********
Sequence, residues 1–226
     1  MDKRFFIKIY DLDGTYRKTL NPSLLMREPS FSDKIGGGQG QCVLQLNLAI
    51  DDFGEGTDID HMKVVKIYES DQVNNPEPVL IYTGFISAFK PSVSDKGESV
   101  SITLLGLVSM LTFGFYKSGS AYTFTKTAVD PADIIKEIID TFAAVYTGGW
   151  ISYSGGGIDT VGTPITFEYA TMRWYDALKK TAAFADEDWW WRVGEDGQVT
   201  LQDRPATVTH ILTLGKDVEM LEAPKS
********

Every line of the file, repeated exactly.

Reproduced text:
Sequence, residues 1–226
     1  MDKRFFIKIY DLDGTYRKTL NPSLLMREPS FSDKIGGGQG QCVLQLNLAI
    51  DDFGEGTDID HMKVVKIYES DQVNNPEPVL IYTGFISAFK PSVSDKGESV
   101  SITLLGLVSM LTFGFYKSGS AYTFTKTAVD PADIIKEIID TFAAVYTGGW
   151  ISYSGGGIDT VGTPITFEYA TMRWYDALKK TAAFADEDWW WRVGEDGQVT
   201  LQDRPATVTH ILTLGKDVEM LEAPKS